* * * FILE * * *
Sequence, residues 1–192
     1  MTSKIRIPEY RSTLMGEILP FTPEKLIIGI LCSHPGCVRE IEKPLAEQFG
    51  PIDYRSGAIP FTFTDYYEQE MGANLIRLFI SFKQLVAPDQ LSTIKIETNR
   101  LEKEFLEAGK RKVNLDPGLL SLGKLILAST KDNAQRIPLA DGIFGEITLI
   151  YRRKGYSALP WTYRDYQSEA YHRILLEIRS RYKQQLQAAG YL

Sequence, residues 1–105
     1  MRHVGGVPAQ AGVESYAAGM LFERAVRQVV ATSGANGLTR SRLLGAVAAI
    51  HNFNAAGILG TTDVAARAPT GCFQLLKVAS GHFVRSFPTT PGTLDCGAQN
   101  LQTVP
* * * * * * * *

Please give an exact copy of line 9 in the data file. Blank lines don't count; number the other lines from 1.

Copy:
   101  LQTVP